Wednesday, 4 December 2013

Enteritis - Treatments In conventional medicine perspective

Acute Enteritis, in most cases is defined as a condition of inflammation of the small intestine as a result of eating and drinking contaminated water and foods infected by virus and bacteria. But according to the study by the University Hospital Aintree, chronic radiation enteritis is an increasing problem, as more patients receive radiotherapy as part of their cancer therapy and as the long-term survival of these patients improves(a). Other study indicated that acute radiation enteritis is almost inevitable in the curative treatment of malignant tumors of the abdomen and pelvic area. It is frequently a self-limiting disorder of intestinal function associated with reversible mucosal changes of the intestine(b). The prevalence of the disease although is decreasing, it still affects millions (approx 1 in 83 or 1.20% or 3.3 million people in USA ) of people in the U.S alone, according to the statistic. Chronic enteritis is a condition of inflammation caused by other health conditions, such as Crohn's or celiac disease.
A. In conventional medicine perspective
Treatment depending to the underlined causes of the diseases.
Beside taking certain steps in relieving the symptoms of the patients by providing short-lived and  general supportive care(49), such as
Oral rehydration therapy for older children and adults:

  • Drink clear liquids only, such as water, sports drinks (best), fruit juice and dilute tea.
  • Drink small quantities of fluids frequently, such as 2 tablespoons of fluid every 5 minutes.
  • The absence of food allows the intestines to rest.
  • May be able to advance to full liquid diet once symptoms improve
  • Effective to treat mild to moderate dehydration
  • Intravenous fluids for severe dehydration
  • Clear liquid diet
  • BRAT diet (i.e. bananas, rice, applesauce, toast)
  • But according to the study by the Christiana Care Health System, probiotics reduce diarrheal duration from a number of etiologies. Professional nursing practice based on evidence and clinical expertise supports a diet-containing probiotics to manage acute diarrhea. Dietary limitations included in the BRAT (bananas, rice, applesauce, and toast) diet recommended by many nurses need to be reexamined in light of the newest evidence(48a).
  • Medications for nausea and vomiting:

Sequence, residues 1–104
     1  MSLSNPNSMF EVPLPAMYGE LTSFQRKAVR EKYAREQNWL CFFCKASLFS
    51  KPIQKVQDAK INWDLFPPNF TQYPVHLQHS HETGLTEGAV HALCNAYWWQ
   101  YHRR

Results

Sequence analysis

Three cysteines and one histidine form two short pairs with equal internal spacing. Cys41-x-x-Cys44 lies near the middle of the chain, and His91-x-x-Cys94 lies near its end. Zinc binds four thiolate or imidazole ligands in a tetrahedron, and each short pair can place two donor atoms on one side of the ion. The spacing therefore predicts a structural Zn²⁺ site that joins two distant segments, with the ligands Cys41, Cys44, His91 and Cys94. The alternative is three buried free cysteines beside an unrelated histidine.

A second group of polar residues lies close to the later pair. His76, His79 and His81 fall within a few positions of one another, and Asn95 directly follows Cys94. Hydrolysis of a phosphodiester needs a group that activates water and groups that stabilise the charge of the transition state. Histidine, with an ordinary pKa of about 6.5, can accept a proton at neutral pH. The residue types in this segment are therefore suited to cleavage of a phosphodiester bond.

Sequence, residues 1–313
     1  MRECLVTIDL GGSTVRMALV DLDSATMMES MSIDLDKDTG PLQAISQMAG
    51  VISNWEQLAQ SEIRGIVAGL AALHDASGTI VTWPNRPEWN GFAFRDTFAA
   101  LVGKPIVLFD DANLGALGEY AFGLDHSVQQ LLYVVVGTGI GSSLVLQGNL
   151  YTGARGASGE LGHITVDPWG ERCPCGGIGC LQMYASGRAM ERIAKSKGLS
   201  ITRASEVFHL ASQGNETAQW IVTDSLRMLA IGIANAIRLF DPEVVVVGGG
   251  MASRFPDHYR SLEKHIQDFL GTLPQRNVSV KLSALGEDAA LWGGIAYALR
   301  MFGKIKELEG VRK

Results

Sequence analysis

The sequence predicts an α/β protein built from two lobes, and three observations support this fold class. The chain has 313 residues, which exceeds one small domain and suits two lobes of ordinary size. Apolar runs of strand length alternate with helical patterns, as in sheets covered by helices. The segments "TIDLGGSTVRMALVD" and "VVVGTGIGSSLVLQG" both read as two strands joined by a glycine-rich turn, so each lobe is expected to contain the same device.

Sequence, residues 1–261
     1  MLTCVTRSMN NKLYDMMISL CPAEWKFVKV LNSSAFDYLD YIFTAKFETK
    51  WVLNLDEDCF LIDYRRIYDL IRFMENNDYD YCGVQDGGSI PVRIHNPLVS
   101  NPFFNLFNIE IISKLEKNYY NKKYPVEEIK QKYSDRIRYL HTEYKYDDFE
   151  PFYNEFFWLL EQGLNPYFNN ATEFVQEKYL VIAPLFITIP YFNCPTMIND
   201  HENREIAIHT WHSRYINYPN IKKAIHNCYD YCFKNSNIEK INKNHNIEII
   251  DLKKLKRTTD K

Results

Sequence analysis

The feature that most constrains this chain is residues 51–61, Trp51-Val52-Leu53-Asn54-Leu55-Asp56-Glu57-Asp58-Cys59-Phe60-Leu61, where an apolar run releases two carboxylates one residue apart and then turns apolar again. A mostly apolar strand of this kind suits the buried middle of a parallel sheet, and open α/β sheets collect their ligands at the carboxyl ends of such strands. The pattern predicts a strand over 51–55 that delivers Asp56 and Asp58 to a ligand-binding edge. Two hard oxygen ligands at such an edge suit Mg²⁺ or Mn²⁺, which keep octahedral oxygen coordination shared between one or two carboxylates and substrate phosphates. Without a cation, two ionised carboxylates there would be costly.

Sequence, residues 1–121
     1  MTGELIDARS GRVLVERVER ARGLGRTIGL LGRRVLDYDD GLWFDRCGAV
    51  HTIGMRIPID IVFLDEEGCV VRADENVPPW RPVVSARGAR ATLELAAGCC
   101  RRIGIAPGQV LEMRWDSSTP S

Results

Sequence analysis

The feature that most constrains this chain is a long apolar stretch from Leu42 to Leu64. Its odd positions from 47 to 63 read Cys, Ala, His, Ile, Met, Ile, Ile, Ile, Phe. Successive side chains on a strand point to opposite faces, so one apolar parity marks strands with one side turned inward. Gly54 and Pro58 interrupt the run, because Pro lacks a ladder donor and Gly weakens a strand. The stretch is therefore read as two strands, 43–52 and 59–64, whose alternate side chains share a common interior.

• Metoclopramide (Reglan) but side effects are not limit to hives, difficulty breathing, swelling of your face, lips, tongue, or throat.
    • Ondansetron (Zofran) but side effects are not limit to headache, fatigue, constipation, etc.
    • Olanzapine has been shown to be a safe and effective agent for the prevention of  nausea and vomiting  for patient with entertitis, but side effects are not limit to  hives; difficulty breathing; swelling, etc.
    • Prochlorperazine (Compazine, Compro) but side effects are not limit to Constipation, headaches, dizziness, etc.

  • Medications for diarrhea:

    • Loperamide (Imodium) but side effects are not limit to abdominal pain, constipation, drowsiness, dizziness, dry mouth, fatigue, nausea, vomiting, etc.
    • Diphenoxylate and Atropine (Lomotil) but side effects are not limit to thirst, decreased urination, muscle cramps, weakness, fainting, etc.
    A.1. Bacterial entertitis
    Atibiotic used are depending to types infectous organism, including Ciprofloxacin (Cipro),  Sulfamethoxazole and Trimethoprim (Bactrim, Septra, TMP-SMX),  Ceftriaxone (Rocephin) Cefotaxime (Claforan) Vancomycin (Vancocin, Lyphocin, etc., but side effects are not limit to rash, diarrhea, abdominal pain, nausea/vomiting, drug fever, hypersensitivity (allergic) reactions, etc.
    According to the study by Enterics laboratory, US Army Research Unit, Nairobi, in screening of the 651 patients screened, the highest prevalence of antimicrobial resistance was to ampicillin followed by trimethoprim/sulphamethoxazole and tetracycline. Though still at low levels, the major concern from our findings is the emerging resistance of enteric pathogens that was observed to quinolones (ciprofloxacin, nalidixic acid, norfloxacin) and gentamycin(49a).

    A.2. Viral entertitis
    There is no specific treatment for viral entertistis as antibiotic are not helpful in treating the diseasse. Make sure you are vaccinate against certain virus in a specific season.
    According to the study by Beijing Friendship Hospital Affiliate of Capital University of Medical Sciences,  clinical effective rate of Novalac AD in infantile rotavirus enteritis was 100%. All 20 subjects stool turned normal and systemic symptoms disappeared after treatment, with 17 within 48 h (85%,17/20) and 3 within 72 h (15%, 3/20)(50).

    A.3. Radiation-induced enteritis
    Radiation-induced enteritis van be prevented, according to the University Hospital Mannheim, Reduction of radiation dose and field size are still the most important factors in the prevention of acute and chronic radiation enteritis. Valid data particularly on the treatment of chronic radiation enteritis are lacking. A better understanding of the pathopysiology especially in chronic radiation enteritis might offer new therapeutic perspectives. Inhibition of TGF-beta, for example, might be a new promising therapy approach(50a).
    According to the study the Provincial Hospital affiliated to Shandong University, in the evaluation of the effect of actovegin (Nycomed, deproteinized hemoderivative of calf blood injection) on intestinal mucosa in rats with acute radiation enteritis, and observe the changes of expression of apoptosis-related bcl-2/bax genes, showed that Actovegin accelerates the recovery of the acute radiation-injured intestinal mucosal epithelium by decreasing apoptosis via down-regulation of the expression of activating apoptosis protein bax and up-regulation of inhibiting apoptosis protein bcl-2(51).
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